Former Genesis guitarist Steve Hackett has spent the several years revisiting the body of work he’s most recognized for developing throughout the 1970s. Hackett’s ‘Genesis Revisited’ ensemble has performed for audiences across the world, gathering solid acclaim from longtime progressive rock listeners and newcomers alike.
Considering his recent dedication to this celebrated body of work, it’s not entirely surprising that when Steve Hackett would enter the studio to record his new solo album, the end result would be in the vein of his earlier efforts as a member of Genesis. Due for release on April 7 via Inside Out, ‘Wolflight’ explores many regions and landscapes of world music while maintaining a distinctive progressive rock attitude.
Music Enthusiast recently had the opportunity to sit down with this prolific guitarist to discuss how some abandoned Genesis concepts had a role to play on his new effort, how his travels influenced the direction of ‘Wolflight,’ the wealth of musicians who appear on the record, his thoughts on the music of Genesis after his departure and his stance towards a future involvement with Genesis and GTR.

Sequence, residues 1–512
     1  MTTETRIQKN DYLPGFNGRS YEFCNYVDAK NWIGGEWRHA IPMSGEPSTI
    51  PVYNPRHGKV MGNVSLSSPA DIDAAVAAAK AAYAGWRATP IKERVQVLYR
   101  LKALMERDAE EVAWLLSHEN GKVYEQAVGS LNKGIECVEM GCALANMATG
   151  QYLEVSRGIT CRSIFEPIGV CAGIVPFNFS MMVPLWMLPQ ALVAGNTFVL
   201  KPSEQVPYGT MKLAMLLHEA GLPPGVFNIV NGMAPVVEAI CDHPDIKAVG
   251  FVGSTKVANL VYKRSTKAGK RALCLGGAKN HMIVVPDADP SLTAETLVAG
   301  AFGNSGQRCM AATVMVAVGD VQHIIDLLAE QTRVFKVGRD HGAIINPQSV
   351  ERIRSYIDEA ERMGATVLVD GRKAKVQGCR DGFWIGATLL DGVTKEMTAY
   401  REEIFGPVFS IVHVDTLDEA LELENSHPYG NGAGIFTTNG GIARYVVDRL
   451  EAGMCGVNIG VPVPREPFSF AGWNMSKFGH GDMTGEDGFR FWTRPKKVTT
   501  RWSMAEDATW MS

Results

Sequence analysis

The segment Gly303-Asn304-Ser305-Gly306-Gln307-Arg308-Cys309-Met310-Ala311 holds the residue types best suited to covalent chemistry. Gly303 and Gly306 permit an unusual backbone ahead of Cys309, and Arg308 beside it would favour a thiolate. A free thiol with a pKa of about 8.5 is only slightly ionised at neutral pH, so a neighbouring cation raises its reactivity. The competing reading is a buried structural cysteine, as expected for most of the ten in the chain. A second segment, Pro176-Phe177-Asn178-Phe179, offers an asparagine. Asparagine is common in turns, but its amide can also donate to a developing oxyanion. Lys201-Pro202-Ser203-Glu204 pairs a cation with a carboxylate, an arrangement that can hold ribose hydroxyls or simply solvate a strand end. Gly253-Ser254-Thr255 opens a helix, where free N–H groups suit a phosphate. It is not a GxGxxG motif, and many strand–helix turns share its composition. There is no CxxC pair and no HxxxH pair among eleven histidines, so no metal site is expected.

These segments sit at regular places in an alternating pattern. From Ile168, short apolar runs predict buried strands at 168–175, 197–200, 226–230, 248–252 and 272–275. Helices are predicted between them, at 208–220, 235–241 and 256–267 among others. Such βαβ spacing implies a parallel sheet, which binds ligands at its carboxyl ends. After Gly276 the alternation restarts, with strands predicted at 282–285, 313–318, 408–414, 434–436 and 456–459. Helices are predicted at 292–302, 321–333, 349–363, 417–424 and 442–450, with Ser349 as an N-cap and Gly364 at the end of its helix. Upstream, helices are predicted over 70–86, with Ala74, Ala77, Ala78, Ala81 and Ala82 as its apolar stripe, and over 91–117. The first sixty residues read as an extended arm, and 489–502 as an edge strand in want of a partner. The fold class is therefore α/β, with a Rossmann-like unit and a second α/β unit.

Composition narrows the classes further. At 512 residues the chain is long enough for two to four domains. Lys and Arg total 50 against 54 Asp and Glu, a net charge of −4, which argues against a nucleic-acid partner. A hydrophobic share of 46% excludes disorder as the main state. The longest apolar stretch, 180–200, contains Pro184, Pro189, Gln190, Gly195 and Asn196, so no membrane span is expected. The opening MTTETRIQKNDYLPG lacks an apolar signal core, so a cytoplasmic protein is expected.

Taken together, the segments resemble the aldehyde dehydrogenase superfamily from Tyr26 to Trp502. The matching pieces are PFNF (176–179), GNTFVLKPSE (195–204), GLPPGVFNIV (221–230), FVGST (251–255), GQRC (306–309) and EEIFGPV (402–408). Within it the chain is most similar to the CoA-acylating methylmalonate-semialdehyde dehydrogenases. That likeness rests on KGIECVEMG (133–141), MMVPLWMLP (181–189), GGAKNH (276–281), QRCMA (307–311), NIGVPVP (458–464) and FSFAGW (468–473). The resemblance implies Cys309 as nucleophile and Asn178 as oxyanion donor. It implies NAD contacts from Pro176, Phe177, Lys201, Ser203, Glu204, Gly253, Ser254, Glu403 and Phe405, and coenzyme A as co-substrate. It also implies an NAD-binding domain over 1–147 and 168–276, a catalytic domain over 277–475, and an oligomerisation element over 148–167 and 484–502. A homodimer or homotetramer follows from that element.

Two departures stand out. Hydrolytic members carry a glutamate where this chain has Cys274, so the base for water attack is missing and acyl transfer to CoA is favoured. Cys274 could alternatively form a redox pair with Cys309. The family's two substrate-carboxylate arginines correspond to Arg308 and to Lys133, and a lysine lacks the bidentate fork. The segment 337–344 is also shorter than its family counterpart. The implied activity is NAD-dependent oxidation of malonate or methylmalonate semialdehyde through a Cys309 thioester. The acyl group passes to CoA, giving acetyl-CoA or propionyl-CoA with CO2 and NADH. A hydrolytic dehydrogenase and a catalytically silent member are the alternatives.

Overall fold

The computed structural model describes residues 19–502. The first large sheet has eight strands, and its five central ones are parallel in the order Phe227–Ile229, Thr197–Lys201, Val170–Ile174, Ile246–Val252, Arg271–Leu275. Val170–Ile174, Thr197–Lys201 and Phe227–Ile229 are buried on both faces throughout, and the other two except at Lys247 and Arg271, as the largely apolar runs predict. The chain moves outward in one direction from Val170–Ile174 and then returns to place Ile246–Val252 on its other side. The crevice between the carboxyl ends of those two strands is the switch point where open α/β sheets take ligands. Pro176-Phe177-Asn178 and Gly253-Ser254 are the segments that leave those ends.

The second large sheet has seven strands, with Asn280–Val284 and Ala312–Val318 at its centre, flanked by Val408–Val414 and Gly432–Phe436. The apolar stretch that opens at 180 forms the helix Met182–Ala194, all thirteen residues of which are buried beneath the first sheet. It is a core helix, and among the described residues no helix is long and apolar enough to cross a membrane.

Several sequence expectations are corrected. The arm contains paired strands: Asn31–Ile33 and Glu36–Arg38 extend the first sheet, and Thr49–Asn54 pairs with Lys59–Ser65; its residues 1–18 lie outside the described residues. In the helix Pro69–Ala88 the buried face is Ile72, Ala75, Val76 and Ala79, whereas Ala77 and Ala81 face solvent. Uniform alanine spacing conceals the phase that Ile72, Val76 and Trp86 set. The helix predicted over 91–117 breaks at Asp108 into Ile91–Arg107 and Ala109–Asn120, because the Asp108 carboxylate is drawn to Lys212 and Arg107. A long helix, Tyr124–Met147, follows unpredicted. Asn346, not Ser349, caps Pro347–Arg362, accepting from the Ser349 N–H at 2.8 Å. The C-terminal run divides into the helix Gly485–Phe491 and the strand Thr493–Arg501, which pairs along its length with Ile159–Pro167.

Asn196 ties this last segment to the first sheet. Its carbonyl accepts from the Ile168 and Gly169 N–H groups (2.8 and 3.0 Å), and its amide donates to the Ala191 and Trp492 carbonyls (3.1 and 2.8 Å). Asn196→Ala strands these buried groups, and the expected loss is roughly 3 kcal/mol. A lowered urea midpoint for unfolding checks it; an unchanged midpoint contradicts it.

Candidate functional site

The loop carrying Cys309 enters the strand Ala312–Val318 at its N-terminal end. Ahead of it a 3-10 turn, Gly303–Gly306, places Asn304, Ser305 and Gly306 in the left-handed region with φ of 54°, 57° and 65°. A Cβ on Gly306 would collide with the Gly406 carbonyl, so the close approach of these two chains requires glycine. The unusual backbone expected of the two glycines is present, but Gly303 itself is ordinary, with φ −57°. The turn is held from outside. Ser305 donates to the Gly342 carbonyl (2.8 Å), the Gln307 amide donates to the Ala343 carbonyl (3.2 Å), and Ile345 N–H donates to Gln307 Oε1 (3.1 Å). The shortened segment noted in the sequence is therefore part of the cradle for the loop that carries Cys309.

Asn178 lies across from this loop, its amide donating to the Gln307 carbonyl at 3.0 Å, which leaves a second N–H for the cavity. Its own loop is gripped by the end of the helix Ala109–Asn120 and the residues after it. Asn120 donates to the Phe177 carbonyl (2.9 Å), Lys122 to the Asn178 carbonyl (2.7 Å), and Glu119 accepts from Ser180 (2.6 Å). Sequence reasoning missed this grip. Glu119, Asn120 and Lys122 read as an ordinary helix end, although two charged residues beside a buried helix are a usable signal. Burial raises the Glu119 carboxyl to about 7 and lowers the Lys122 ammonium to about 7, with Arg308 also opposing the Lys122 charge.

Music Enthusiast: You’ve never quite stopped creating new music, however ‘Wolflight’ easily stands as one of your more impressive artistic statements since your career with Genesis. What was your mindset moving into this new effort?
Steve Hackett: Well, for the past two years I’ve been touring exclusively Genesis music, and that was so well received. It’s always nice to ride on the back of having played to full houses and tremendous enthusiasm for the idea of bringing back the dream that was early Genesis, mid-period Genesis. So for me, that was a tremendous shot in the arm. I thought, you know, it’s very easy to slip into the idea of being a curator in the museum of your own making.